Tuesday, August 08, 2006

Sailing Days In Port

Rockland Harbor
Tuesday, August 8, 2006
We found a suitable dealer here in Rockport. Ocean Pursuits is a marina on the north end of the harbor.  They can handle the SSB radio, the radar, the wind instruments.  They also have a diesel mechanic.  We stayed in port yesterday to let Ocean Pursuits inspect the damage to make an estimate, and we're staying here again today to do the diesel work.  Murphy's law, no surprise, struck in that both yesterday and today look like excellent sailing days.  We could be out in the bay.  Oh well.  Hopefully it will be just as nice tomorrow.
We watched with interest yesterday as one of the big sailing schooners that take tourists out for harbor cruises appeared to be in trouble.   The schooner was in the harbor, and lying still facing into the wind . The sails were still up, or at least halfway up.  Probably something got broken or fouled.   A crewman climbed out to the end of the boom and was working on something.  That maneuver was not without risks.  On that boat the boom must be 35 feet long and the end sticks out just past the stern.  If the bow of the boat fell off the wind in those conditions the boom would swing wildly to leeward.  The man on the boom would risk being dunked in the water, and/or being catapulted into low earth orbit.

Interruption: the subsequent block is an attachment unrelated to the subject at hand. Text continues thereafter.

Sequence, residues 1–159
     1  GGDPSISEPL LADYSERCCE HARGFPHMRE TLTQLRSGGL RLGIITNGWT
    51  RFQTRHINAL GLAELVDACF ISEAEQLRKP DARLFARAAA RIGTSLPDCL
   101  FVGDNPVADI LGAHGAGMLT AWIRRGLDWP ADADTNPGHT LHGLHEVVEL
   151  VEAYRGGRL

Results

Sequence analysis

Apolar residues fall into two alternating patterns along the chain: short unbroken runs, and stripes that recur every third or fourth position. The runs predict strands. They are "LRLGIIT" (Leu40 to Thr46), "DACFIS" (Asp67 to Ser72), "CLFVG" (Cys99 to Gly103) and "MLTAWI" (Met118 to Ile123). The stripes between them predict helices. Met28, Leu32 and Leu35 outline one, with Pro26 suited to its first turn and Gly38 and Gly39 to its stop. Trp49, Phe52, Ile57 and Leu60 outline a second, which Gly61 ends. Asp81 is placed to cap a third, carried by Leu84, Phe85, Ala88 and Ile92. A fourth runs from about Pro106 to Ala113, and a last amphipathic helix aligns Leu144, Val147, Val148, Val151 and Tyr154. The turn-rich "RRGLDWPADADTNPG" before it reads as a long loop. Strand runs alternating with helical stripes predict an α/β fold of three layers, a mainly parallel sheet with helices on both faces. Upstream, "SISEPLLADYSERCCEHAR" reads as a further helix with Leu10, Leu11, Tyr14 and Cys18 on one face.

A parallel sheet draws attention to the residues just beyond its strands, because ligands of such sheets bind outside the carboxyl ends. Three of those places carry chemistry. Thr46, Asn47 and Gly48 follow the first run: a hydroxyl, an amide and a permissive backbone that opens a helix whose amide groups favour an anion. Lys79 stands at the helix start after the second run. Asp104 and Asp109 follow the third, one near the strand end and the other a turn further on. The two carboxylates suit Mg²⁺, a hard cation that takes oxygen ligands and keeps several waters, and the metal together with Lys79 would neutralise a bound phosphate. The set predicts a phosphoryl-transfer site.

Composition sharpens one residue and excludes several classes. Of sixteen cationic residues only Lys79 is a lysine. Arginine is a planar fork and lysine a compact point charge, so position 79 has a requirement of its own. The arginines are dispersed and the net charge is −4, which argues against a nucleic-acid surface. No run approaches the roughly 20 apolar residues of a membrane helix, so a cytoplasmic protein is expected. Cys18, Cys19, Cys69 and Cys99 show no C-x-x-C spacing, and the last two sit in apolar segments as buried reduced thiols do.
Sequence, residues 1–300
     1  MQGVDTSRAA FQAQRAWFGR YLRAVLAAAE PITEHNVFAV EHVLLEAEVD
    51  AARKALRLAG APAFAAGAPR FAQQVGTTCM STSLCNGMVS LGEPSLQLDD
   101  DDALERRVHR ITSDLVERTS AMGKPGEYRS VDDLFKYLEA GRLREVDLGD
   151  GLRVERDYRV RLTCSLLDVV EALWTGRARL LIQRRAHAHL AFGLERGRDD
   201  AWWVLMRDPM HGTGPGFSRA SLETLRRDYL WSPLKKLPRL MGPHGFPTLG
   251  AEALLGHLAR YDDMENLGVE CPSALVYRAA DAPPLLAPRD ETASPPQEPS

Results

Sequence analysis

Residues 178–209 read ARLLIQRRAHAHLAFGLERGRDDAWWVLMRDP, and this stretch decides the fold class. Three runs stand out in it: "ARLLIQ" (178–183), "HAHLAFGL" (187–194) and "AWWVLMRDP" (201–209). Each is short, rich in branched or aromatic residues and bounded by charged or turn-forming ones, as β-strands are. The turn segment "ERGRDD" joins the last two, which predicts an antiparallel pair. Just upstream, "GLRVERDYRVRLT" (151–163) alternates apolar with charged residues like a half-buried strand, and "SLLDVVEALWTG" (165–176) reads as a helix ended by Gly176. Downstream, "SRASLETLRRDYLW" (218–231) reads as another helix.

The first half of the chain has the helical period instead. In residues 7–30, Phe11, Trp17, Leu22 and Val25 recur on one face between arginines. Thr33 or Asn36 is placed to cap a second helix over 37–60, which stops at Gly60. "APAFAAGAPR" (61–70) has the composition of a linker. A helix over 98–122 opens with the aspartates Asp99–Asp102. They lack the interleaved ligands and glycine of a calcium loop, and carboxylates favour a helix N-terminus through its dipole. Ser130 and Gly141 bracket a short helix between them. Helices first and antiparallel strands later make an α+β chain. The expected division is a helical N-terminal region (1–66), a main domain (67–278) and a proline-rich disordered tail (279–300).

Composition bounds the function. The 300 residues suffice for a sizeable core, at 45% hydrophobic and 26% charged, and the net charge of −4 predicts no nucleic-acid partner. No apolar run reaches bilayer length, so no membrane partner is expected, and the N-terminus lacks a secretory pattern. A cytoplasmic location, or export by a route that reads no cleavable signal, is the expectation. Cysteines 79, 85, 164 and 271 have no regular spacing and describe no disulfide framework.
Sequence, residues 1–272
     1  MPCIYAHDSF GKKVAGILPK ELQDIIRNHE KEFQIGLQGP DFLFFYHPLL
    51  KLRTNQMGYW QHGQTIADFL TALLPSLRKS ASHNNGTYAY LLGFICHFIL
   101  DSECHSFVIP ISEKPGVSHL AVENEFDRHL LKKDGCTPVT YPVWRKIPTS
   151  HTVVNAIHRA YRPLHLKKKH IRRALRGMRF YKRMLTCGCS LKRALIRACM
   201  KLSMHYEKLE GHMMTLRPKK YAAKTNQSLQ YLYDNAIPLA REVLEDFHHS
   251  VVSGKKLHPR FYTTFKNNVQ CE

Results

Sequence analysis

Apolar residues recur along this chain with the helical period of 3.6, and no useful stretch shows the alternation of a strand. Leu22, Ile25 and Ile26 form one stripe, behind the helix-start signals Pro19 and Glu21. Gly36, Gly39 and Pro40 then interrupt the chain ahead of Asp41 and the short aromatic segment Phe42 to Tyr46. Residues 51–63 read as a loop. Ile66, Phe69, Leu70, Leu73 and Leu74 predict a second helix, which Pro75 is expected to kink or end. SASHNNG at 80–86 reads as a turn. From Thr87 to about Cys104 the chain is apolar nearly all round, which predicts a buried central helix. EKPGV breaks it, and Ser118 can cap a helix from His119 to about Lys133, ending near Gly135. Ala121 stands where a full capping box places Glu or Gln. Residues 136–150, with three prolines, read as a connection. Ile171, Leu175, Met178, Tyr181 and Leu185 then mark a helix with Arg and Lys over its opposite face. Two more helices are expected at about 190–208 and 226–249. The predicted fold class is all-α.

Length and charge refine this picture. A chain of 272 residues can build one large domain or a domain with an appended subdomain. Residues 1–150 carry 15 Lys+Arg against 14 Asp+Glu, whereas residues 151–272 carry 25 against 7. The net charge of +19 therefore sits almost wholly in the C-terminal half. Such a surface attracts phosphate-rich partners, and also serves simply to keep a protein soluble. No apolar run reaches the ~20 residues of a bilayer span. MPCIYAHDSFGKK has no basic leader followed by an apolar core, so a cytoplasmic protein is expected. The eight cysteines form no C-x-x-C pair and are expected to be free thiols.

Later in the day Libby spotted that same schooner being pushed in by a tugboat.  They must have been unable to fix the problem and they must not have an auxiliary engine.  Then Libby noticed that the schooner and the tug appeared on a collision course for us.  For some reason, the tug appeared unable to push the schooner far enough to starboard.  I don't know why.  However, I scrambled to start the engine and move us forward 100 feet.  The two boats passed just astern and the tugboat captain gave me a friendly wave of thanks.  What would have happened if we didn't move?  Would they have run over Tarwathie?  I can't say for sure.
Later, just after dark, I heard a loud engine.  I looked out and I saw a lobster boat going at high speed.  He passed much too close to us -- about 3 feet.  As I watched, he almost collided with to other sailboats at anchor or on moorings.  I suspect that the driver must have been drunk.  Some hazards are alike, ashore and afloat.

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